When Miami-based portrait photographer Brian Smith was asked to test the Sony G Matster Lenses, he chose a setting with color, texture and history: Mardi Gras. The annual New Orleans celebration is a photographer’s playground with parades, vibrant costumes and a diverse range of subjects from day to night.

© Brian Smith

© Brian Smith

Although he is best known for his portraits of big-name celebrities like Samuel L. Jackson and Anne Hathaway, Smith is also an avid shooter of lifestyle and travel photography. New Orleans provided opportunities for all of the above, from the lively nightlife on Bourbon Street to the porches of Cajun fishermen in nearby Houma, Louisiana.

Smith’s camera of choice is the Sony α7R II, and, up until now, his lenses of choice were the Sony-compatible Zeiss line. With the new G Master Lenses, he had high expectations: “I was hoping the new lenses would come close to matching the performance of [Zeiss lenses],” he says. Armed with the FE 24-70mm F2.8 lens and FE 85mm F1.4 lens, both from Sony’s new G Master series, Smith traveled to Louisiana to test them out.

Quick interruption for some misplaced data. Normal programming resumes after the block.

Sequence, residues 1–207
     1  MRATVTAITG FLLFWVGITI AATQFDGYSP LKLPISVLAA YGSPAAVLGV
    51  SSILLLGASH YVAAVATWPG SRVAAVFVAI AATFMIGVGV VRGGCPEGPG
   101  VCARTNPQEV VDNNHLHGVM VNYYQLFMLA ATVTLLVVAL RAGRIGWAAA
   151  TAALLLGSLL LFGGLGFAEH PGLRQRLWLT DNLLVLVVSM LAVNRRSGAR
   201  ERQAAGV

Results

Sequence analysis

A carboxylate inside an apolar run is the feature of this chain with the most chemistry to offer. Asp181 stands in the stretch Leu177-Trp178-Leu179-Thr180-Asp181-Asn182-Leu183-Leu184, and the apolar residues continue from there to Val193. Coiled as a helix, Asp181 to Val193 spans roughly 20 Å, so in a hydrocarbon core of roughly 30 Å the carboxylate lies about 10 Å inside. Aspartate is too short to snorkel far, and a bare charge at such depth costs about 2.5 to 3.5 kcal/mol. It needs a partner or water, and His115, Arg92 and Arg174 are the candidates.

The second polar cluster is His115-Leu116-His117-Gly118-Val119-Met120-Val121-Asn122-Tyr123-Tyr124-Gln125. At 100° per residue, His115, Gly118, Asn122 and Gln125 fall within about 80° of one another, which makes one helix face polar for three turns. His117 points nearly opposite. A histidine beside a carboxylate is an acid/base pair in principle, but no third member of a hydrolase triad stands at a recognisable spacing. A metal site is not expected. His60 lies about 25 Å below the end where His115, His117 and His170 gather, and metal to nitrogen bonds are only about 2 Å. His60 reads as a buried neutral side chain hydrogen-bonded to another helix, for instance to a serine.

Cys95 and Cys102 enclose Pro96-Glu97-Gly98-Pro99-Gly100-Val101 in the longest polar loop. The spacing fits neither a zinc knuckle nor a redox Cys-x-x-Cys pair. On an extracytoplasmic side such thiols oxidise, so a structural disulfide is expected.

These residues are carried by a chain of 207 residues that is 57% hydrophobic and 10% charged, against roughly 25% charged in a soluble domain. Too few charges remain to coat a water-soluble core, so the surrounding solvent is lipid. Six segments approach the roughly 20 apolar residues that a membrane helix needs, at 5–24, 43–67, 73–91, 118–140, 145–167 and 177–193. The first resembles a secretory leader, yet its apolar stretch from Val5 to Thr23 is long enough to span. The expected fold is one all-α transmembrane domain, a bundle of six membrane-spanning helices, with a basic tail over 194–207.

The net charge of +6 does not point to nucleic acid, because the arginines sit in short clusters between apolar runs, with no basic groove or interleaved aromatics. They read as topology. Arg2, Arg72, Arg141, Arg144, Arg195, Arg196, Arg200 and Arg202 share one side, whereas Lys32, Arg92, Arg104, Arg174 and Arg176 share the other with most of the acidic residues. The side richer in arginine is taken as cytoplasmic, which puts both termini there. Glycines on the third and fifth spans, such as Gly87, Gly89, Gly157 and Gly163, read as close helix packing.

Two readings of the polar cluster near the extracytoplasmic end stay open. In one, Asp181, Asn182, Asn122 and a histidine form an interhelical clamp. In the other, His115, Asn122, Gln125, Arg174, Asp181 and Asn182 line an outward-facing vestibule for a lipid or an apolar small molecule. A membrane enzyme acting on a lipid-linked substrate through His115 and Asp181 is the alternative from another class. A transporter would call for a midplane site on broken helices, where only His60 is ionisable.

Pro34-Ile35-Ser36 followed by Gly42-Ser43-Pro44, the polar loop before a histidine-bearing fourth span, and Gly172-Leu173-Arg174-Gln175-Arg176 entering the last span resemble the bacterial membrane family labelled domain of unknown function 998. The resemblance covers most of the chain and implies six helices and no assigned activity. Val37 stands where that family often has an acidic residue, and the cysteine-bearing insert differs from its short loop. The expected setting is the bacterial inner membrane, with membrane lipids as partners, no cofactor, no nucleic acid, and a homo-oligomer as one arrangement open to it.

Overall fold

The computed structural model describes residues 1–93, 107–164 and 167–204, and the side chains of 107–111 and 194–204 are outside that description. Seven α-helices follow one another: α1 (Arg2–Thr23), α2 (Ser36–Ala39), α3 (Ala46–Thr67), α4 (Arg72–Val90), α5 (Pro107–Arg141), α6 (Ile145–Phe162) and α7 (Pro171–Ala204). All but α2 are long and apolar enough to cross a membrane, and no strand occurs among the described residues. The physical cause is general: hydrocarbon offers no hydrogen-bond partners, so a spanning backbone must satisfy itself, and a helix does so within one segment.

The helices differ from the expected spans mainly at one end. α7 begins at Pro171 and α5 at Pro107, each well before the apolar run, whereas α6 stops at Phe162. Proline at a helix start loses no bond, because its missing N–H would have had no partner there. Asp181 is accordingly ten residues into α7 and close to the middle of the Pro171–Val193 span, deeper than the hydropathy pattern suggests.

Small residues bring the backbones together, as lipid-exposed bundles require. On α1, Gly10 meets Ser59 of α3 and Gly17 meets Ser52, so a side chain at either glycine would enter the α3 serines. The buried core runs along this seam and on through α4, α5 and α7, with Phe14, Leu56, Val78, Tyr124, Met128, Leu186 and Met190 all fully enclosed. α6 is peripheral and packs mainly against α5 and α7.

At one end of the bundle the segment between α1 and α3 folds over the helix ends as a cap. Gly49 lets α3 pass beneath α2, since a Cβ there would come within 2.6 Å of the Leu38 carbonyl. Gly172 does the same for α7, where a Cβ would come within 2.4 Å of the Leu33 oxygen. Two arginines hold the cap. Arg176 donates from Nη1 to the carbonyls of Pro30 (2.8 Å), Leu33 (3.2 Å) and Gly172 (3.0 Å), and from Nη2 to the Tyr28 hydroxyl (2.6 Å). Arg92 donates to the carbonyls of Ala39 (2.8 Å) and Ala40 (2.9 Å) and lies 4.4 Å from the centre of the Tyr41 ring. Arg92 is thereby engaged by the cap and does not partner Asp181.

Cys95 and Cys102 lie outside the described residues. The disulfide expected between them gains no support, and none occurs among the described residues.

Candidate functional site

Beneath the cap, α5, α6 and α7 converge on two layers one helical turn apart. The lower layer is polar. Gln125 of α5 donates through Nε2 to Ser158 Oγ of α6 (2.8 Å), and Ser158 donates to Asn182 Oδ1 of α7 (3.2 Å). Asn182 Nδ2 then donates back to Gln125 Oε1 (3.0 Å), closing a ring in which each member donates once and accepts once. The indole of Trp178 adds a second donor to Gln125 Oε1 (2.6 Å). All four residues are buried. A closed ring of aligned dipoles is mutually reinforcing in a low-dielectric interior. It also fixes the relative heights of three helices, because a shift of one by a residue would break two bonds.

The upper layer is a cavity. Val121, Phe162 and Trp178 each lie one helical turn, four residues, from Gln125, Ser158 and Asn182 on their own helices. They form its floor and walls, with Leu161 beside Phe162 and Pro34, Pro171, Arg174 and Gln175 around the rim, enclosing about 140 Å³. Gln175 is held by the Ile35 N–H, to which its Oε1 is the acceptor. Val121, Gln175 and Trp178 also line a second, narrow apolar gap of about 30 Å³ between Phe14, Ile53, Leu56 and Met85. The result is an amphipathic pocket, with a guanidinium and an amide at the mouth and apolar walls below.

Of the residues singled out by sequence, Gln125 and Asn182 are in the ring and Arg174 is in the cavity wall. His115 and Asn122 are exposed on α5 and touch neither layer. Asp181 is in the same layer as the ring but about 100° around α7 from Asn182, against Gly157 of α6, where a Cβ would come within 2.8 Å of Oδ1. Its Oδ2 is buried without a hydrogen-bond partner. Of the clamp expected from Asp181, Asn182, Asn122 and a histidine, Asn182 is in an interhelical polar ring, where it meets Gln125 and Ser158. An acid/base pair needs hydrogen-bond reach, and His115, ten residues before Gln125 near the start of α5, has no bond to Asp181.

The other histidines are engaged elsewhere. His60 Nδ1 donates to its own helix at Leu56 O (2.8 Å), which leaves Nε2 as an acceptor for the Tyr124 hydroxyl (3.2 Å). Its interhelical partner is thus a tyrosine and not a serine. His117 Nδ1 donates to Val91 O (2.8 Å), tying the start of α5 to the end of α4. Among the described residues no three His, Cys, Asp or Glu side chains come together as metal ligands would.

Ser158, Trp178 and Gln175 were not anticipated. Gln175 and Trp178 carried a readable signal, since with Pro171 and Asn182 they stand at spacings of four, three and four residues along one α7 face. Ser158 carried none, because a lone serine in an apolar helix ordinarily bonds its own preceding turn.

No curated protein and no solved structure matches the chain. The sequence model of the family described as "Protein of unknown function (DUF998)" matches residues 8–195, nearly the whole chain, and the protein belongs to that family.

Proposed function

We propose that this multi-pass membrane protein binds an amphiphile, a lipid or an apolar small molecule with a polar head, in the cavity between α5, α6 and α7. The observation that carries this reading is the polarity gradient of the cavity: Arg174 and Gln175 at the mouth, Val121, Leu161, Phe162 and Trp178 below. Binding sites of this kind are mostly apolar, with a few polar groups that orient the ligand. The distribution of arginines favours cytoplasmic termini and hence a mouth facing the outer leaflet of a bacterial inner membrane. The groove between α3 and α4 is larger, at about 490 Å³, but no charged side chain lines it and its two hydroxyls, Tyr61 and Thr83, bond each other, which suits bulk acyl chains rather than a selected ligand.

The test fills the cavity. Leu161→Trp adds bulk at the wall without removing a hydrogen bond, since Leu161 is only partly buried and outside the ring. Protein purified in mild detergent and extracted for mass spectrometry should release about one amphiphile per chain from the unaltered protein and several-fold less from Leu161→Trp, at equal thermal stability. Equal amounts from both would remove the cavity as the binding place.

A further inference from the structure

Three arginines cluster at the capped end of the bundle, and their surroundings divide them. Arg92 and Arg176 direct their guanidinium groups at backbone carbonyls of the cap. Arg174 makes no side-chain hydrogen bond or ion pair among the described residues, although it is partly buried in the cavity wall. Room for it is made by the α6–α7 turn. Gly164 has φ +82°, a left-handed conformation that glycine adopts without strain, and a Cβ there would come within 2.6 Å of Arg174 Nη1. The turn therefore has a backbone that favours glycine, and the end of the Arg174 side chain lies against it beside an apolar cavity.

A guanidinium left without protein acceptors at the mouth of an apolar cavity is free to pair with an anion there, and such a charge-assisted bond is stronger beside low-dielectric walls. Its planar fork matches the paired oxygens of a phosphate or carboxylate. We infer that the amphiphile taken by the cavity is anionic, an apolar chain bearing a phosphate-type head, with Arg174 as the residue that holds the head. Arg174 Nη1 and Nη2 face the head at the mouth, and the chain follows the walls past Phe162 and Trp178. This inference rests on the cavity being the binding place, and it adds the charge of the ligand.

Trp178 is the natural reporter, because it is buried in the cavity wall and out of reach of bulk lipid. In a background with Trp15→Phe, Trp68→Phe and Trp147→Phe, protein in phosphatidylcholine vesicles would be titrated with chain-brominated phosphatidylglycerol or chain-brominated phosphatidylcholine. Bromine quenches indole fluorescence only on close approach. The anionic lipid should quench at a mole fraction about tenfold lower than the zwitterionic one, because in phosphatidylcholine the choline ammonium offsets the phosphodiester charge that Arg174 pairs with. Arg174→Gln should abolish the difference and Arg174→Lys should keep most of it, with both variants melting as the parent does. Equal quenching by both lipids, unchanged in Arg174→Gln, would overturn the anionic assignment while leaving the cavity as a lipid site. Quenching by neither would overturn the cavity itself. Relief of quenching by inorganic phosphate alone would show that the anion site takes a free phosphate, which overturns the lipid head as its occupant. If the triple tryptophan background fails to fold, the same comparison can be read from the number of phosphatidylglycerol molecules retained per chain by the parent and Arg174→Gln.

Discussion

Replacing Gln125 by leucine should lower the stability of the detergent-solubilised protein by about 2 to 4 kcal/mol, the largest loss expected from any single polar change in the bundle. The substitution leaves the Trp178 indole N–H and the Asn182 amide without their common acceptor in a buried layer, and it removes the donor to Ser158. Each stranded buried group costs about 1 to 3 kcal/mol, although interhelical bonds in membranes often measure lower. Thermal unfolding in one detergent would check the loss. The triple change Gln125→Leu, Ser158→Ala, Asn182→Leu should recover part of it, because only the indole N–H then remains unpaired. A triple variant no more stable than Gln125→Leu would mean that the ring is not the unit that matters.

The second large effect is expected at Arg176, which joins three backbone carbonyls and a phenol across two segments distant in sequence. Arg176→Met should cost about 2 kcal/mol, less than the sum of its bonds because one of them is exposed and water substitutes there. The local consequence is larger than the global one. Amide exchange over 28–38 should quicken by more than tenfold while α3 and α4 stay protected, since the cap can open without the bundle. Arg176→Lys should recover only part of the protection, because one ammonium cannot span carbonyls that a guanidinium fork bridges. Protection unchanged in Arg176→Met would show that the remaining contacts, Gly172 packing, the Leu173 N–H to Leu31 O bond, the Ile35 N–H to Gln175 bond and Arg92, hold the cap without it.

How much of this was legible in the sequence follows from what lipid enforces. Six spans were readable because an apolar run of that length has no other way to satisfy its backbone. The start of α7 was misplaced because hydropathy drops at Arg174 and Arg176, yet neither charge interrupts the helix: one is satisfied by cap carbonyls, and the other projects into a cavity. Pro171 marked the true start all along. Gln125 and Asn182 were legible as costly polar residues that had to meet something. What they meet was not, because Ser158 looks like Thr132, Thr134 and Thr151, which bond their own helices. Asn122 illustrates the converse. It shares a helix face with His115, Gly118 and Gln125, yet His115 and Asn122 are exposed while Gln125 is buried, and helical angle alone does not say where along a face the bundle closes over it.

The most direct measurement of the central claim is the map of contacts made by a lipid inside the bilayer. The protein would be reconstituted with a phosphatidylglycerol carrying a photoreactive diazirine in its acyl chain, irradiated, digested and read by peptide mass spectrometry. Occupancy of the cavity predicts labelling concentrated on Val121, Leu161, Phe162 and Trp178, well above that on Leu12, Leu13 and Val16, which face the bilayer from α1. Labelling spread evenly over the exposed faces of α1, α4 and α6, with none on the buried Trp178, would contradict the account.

© Brian Smith

© Brian Smith

“We were all over Cajun country. We went everywhere we could think of to try out these lenses,” Smith recalls. Smith’s odyssey led him to shoot sunset portraits of jazz musician Benny Jones, Sr. in Louis Armstrong Park; Big Chief Kevin Goodman of the Flaming Arrows, decked out in full Mardi Gras Indian regalia; as well as a staged fashion shoot in the historic Lafayette Cemetery.

Smith was happy to find that the lenses’ autofocus was fast and accurate, while also rendering colors and skin tones faithfully. “I was hoping the G Master Lenses would come close to matching the performance of Sony’s Zeiss lenses,” said Smith. “And they exceeded my expectations.” Pairing the fast autofocus with the low-light capabilities of the α7R II allowed Smith to capture nighttime portraits with only available light.

© Brian Smith

© Brian Smith